This 1968 "Housewife Headache" print ad by the Ted Bates agency, which previously sold Anacin with a diagram of a human head and hammers, shows a few solid cracks in the sanctified image of the suburban housewife.
In the '50s, with GIs home and needing jobs, including the ones women had done during the war, becoming a Mrs. was pushed as the golden ticket. It was the culturally approved ambition that led not only to kids, but the consumption of big-ticket items for the home. Indeed, advertising did its part to pump the economy, targeting women with the brighteners, whiteners and polishers that supposedly would keep family life clean, tidy and happy.
Four years earlier, in 1964, Betty Friedan had published "The Feminine Mystique," with its shocking unveiling of "the problem that has no name"—that (upper-middle-class) housewives were feeling unfulfilled and isolated, despite the unprecedented consumer comforts available to them.
This Anacin ad, then, actually ventured into some of the progressive territory that Friedan had explored. Indeed, "Housewife Headache" alluded to the darker side of a housewife's existence, and broke down the problem into two clear parts. Visually, there's the catatonic eyes of a robo-housewife whose brain is filled with dark, horrific visions of endless toil—ironing, dishwashing, grocery shopping and chauffeuring. Meanwhile, the copy serves as a kind psychotherapist, showing support for her "nervous tension" and "fatigue." It even acknowledges that housework is a "mild form of torture."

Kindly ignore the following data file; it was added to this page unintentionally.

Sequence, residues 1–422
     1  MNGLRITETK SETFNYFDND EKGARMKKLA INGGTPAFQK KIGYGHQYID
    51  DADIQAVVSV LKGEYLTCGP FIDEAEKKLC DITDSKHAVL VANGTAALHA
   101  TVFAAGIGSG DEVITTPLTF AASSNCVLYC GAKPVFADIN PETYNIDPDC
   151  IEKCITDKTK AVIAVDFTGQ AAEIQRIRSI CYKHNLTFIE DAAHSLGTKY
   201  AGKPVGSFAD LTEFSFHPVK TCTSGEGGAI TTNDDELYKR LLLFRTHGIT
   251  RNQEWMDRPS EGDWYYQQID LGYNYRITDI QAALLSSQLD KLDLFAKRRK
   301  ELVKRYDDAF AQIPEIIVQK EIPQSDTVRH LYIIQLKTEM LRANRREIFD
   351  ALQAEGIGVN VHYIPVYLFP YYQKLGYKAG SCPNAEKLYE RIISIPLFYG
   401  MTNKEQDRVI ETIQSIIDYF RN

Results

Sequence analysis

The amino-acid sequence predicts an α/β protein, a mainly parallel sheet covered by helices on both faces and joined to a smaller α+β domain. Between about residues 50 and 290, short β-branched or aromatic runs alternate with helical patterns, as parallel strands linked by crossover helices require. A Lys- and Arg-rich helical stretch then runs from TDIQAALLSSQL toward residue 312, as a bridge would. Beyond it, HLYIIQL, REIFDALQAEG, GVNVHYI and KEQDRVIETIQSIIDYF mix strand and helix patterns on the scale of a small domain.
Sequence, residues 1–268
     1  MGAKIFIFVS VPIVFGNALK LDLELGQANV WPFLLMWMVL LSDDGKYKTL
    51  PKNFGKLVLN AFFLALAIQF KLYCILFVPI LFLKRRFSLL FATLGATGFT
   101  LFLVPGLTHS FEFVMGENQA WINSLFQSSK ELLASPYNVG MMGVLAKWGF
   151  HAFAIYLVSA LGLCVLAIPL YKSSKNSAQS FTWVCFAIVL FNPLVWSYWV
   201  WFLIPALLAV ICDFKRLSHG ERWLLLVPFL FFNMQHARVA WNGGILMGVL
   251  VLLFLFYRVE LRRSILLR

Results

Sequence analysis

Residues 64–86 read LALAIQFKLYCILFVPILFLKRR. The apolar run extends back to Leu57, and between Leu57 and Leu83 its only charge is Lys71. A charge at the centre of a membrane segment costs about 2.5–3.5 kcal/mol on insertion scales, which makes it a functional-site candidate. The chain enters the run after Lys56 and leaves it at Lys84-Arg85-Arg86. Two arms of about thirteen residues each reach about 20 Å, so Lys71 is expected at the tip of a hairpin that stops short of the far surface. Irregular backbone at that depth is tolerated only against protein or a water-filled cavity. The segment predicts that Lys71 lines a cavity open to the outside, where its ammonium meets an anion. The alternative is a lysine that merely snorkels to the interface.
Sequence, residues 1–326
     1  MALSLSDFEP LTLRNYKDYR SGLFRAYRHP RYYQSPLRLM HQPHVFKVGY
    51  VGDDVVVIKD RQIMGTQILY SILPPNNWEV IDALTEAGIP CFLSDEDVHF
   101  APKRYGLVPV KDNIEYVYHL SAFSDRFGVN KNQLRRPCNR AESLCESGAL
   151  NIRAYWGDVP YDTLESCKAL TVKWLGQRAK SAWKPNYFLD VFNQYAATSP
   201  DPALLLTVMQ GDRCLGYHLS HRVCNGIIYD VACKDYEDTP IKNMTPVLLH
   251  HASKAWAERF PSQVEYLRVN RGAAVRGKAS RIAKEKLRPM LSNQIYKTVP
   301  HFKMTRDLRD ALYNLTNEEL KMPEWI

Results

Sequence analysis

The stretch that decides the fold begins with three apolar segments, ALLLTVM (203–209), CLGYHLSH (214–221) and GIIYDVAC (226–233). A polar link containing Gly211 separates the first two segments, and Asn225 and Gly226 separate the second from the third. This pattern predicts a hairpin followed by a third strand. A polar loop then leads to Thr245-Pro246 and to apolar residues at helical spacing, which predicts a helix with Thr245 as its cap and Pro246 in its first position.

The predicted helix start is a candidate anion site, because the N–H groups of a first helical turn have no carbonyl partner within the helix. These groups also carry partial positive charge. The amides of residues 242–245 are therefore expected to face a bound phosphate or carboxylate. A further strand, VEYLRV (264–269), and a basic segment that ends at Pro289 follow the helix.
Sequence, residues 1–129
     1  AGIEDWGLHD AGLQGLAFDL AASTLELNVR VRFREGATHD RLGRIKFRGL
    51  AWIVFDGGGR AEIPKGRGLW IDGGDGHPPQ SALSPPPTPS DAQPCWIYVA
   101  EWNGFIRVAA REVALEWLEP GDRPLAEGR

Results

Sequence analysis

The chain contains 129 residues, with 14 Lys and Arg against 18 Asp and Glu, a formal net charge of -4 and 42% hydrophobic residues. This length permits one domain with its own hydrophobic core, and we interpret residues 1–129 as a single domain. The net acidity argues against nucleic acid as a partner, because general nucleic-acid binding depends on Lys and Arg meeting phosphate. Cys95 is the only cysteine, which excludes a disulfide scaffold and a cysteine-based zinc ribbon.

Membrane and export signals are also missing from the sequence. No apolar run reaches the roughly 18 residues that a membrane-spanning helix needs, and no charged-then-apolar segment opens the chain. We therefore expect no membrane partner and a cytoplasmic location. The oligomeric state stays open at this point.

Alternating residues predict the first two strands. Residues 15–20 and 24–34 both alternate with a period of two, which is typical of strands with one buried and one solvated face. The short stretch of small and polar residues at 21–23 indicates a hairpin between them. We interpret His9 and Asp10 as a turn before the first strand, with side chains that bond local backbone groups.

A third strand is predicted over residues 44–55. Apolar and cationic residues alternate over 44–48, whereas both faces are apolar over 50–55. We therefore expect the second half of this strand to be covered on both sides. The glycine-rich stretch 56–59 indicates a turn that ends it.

Anacin, then owned by Whitehall Labs, gives you "twice as much of the strong pain-reliever doctors recomment most—as the other leading extra strength tablet," it says, and "doesn't leave you depressed or groggy." (That reference was to the other "Mother's little helper" popular at the time, a tranquilizer called Milltown.) What it didn't explain was that Anacin was an upper with a secret ingredient: caffeine.
See how up the Anacin lady of the house can be? With her hair up and dressed up she's all set for an evening on the town with her best guy.
It was an ad for a problem that still isn't accurately named, never mind resolved. But it's sure nice to think that the cure for "housewife headache" is taking two tablets and leaving the house.